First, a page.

Saturday, January 28, 2012

Where is My Faith?

I’m still ruminating on the thought in my last post that I might be missing things God is saying because I’m not listening, or I’m not listening right. Maybe His words are blocked out by my preconceived ideas, or my lack of faith keeps me from tuning into the proper channels.

Lack of faith could be a huge block to my hearing from God.

Today I read the story, in Luke 8:22-25, of Jesus calming the storm. The disciples are with Jesus on the lake in a boat they’re used to sailing by themselves. But on this day a storm comes up—something they can’t handle.

This is a serious problem. The Bible says they were “in great danger.” But in this account they don’t even ask Jesus to help. Maybe it hasn’t occurred to them yet that He could do anything about the situation. They just tell Him, “We’re going to drown.”

He calms the storm, and then he asks, “Where is your Faith?”

I’ve always assumed He was just asking why they doubted, and Mark's gospel account of the story supports that idea. But what if this isn’t a rhetorical question? What if He really wants them to think about the answer-—to consider where they're placing their faith?

I recently read A. J. Jacob’s book, The Year of Living Biblically. In it he recounts a story from Jewish oral tradition. According to the legend, the Red Sea didn’t part when Moses held out his staff over the water. It didn’t part until some relatively unknown Israelite stepped into the sea. Not until he walked in ankle deep, then knee deep, then waist deep, then shoulder deep, then neck deep.

Then God parted the water.

This isn’t actually how it happened. I doubt there was an Israelite among them who had that much faith, for one thing. And, according to the Bible, the waters were pushed back all night long by a strong wind. But the story still illustrates a great truth, supported by other stories of faith in the Bible, in both the Old and New Testaments.

I’m working toward a theology of faith in my walk with the Lord. Maybe the things I want to see God doing, in my life and in the lives of people I pray for—-things I know are in His will—-require acts, or steps of faith on my part. I’m not sure what that looks like. Faith steps will probably look different for every request. But the idea excites me.

In verse 25, the disciples ask their own question: “Who is this?” they say.

I think the answer to both questions-—the one Jesus asks, and the one they are asking-—should be the same.

Monday, January 9, 2012

Being Dumb about Being Deaf

I’ve been reading in Luke during my times with Jesus these days, seeing lots of things I never noticed before, some significant and some just interesting. I’ve decided, as part of my new years’ plan to blog more regularly, that I will share random thoughts from my devotional journal in this blog.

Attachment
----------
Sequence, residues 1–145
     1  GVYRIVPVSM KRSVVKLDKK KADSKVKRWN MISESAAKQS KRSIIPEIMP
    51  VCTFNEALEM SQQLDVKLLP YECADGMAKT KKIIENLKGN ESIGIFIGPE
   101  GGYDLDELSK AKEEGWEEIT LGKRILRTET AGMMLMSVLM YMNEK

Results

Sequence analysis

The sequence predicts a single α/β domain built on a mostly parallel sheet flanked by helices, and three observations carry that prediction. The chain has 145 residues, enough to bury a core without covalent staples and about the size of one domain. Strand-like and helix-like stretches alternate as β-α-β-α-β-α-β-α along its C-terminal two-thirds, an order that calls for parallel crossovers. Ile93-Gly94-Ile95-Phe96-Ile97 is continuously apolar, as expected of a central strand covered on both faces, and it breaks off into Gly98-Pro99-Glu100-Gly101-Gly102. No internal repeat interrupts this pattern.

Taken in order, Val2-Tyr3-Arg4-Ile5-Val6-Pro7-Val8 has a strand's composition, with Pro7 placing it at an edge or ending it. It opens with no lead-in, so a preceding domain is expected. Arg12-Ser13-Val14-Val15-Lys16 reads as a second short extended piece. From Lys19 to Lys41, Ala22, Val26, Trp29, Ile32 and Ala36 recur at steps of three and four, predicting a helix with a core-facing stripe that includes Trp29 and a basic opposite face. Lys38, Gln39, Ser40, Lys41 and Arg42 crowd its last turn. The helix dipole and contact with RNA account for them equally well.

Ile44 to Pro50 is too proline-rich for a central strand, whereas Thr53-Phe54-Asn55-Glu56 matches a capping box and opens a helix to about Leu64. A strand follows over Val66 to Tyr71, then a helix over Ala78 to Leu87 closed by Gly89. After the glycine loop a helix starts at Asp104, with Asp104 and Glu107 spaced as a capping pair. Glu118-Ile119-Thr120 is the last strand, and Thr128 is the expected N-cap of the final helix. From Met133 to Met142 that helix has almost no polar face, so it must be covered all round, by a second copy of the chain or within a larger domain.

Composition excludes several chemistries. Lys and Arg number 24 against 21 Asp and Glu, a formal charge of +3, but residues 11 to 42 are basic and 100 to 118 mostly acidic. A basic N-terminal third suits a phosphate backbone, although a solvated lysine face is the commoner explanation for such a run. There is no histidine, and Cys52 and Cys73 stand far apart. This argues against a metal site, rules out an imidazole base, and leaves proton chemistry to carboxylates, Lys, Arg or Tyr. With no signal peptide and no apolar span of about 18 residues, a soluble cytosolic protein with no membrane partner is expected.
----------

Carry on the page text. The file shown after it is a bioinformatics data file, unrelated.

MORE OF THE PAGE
So here goes. My first random devotional thought of the New Year,
from Luke 1:57-66.
It's in the "Interesting" category.

Did you ever notice that when Zechariah was unable to speak for those months before John was born, his neighbors thought he couldn’t hear either? When John was born, and they were discussing what to name the new baby, “they made signs to his father, to find out what he would like to name the child.”

So why didn’t they just ask him?

Dumbness is normally caused by a person’s inability to hear spoken words. Zechariah’s friends had probably never met a dumb person who was not also deaf.

This is a great big LOL for me. I can just see Zechariah scribbling messages, time after time during those months while John was growing in the womb:

I AM NOT DEAF. I JUST CAN’T TALK. STOP YELLING IN MY EAR AND QUIT THE SIGN LANGUAGE ALREADY!

But when John was born, they were still communicating with him as if he were deaf. He had probably given up convincing them by this time. Meanwhile, imagine all the secrets he overheard.

Simon would say, “Shh. Watch what what you say about old lady Elizabeth. Zechariah is standing next to you.” And Perez would say, “Doesn’t matter. He can’t hear anything anyway.”

It’s kind of ironic. Who’s really deaf in this little story? And who’s really dumb?

So is there a significant point to this observation for me?

Maybe it’s that I need to recognize my very human tendency to just not “get it.” I wonder how many assumptions I make that are not true? Am I so sure I’m right about things that I never even hear someone when they tell me the truth? Maybe I think someone else is deaf, when it’s really me.

Are there any things I simply assume are true that even God couldn’t talk me out of?

How many notes will he have to write to me before I figure it out?

Friday, January 6, 2012

How Long Since You Asked?

I just finished re-reading This Present Darkness, by Frank Peretti. He has angels prompting people to pray when the spiritual battle becomes hot and heavy. It reminded me of times in the past when God's people have been wakened in the night to pray for someone far away who is in need of prayer at that moment. It happened frequently with saints who've gone before us.

I believe it's the Holy Spirit, not angels, who does the prompting, but it seems like a long time since I've felt that nudge. It bothered me, and I asked the Lord why.

He said, "How long has it been since you asked how to pray?"